The National Association of Black Scuba Divers (NABS) and NOAA’s Office of National Marine Sanctuaries joined forces to present “Aquarius 2010: If Reefs Could Talk,” a program designed to educate students on their connection to the ocean. On Oct. 12, Bancroft Elementary School students participated in this program that allowed them to travel deep into the world’s only undersea research laboratory with the help of high-tech video equipment.

“People protect what they understand and love, so our goal during this mission is to help the public understand that a healthy ocean matters to all of us,” said Kate Thompson, education coordinator for NOAA’s Office of National Marine Sanctuaries. “The more people we introduce to the ocean, the more we will empower citizens with the knowledge to support responsible stewardship of our ocean resources.”

From Oct. 12-21 a team of 26 divers lived completely underwater at the Aquarius Reef Base, located off the coast of Key Largo, Fla., 60-feet below the surface in the coral reef ecosystem. NOAA agreed to conduct a live video conference twice a day to schools throughout the country. Teaming up with NABS insured that schools that are traditionally underserved were not overlooked.

“The National Association of Black Scuba Divers considers it both a privilege and a golden opportunity to partner with NOAA on ‘Aquarius 2010’,” said Dr. Jose Jones, NABS science and education committee chairman. “This project will reach young African Americans and others with information and knowledge that will help with future stewardship of our oceans. Hopefully, some of the listeners and viewers will come away with the desire to pursue careers in the ocean sciences.”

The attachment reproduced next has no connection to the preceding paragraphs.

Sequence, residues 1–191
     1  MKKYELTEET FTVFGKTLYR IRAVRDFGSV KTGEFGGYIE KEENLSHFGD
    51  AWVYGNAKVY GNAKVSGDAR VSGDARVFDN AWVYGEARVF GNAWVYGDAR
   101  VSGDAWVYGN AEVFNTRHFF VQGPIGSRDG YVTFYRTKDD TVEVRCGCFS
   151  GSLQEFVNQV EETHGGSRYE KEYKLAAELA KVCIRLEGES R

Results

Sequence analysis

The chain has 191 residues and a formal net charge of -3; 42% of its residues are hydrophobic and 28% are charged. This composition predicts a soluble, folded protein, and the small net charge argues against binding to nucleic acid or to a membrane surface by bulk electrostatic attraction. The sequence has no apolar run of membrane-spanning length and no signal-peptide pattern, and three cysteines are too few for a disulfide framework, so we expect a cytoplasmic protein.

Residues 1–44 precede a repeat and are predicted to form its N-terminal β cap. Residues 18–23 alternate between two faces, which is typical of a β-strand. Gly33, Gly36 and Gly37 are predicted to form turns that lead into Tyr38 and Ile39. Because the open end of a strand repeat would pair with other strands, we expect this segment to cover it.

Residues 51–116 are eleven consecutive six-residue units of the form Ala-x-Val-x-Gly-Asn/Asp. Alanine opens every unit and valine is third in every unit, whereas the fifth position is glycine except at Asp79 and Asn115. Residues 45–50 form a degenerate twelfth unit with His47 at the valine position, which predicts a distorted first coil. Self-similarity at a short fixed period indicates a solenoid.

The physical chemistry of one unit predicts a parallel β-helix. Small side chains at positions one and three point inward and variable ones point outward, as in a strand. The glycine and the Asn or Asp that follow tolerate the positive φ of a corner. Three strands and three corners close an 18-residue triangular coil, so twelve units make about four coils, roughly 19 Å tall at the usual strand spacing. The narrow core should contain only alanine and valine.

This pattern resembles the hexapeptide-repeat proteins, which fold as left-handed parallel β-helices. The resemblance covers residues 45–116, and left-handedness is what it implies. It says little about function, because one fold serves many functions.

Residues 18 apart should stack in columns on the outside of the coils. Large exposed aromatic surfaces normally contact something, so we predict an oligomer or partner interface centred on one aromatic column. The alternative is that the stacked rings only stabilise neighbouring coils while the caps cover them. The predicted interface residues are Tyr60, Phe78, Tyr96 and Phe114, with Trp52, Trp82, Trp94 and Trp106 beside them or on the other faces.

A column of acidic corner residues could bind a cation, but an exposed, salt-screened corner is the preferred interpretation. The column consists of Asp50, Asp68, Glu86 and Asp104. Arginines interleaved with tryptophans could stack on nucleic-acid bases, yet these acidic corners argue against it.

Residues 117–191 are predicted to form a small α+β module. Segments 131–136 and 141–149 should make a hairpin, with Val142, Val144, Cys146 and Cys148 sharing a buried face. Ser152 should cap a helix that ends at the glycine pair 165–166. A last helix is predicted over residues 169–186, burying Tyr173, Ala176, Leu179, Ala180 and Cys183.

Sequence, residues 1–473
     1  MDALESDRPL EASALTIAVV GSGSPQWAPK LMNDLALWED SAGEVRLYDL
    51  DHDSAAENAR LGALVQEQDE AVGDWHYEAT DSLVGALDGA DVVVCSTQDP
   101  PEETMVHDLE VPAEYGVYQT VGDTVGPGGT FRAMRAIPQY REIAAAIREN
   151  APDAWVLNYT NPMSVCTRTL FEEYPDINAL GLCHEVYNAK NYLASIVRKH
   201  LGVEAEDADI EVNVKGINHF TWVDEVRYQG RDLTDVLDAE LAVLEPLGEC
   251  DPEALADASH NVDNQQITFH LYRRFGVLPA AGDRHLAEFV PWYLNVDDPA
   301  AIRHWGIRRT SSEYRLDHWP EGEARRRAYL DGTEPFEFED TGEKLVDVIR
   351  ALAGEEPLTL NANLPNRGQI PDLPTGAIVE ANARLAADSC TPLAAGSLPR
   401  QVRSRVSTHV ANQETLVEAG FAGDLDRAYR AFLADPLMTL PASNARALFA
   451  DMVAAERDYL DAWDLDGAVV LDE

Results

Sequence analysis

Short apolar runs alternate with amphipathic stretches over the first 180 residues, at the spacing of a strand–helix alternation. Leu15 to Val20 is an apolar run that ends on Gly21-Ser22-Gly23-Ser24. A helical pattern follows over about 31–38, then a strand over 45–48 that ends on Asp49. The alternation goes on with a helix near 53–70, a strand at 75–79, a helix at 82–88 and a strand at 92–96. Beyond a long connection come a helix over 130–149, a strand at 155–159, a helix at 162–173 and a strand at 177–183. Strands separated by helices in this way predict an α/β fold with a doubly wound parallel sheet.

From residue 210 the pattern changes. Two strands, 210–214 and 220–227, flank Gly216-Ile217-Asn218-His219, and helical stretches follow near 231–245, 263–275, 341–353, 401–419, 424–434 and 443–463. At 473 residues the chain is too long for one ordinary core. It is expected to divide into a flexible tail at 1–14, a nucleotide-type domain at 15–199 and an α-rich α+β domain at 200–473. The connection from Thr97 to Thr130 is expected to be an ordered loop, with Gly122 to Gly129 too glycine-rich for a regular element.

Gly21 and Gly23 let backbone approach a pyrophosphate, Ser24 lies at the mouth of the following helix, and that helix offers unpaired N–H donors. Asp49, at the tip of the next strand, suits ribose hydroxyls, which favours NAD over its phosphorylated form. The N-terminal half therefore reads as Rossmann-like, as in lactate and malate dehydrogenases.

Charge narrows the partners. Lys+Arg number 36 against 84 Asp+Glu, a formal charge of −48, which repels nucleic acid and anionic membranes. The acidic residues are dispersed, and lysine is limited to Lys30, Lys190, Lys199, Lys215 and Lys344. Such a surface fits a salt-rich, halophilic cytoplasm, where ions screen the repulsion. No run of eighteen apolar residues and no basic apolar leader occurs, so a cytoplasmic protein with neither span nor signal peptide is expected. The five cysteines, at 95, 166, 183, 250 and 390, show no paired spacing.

Ernie Franklin, a dive master with NABS, hosted the Aquarius webcast at Bancroft Elementary School. After a 10-minute tour of the Aqua Coral Base Station, the students posed questions to Franklin, and several other divers.

Select NABS chapters, including the Morgan State University chapter, hosted several public interactive viewings of the “Aquarius 2010: If Reefs Could Talk” event in local libraries, Boys and Girls Clubs, and science centers throughout the country in an effort to bring awareness to the mission of the project.

“Scientists and educators will live and work in Aquarius studying the health of Conch Reef and how changes in the abundance and diversity of animals and plants affect it,” said Steve Gittings, national science coordinator for the Office of National Marine Sanctuaries and one of the lead scientists for the mission. “The findings will help us all better manage human activities so we can protect these struggling marine ecosystems for future generations.”

The Kensington Parkwood Elementary School in Montgomery County was also fortunate enough to host a video conferencing session with NOAA, who visited them on Oct. 19. Two fourth-grade classes piled into the newly renovated media center to watch the “aquanauts” at work 60 feet below the surface.

Similar to the students of Bancroft Elementary, the children of KPES were overjoyed with the opportunity to see real life deep sea divers. According to principal Barbara Leiss, “It’s like taking a field trip without actually going anywhere.”

 

AshleyJefferson

SpecialtotheAFRO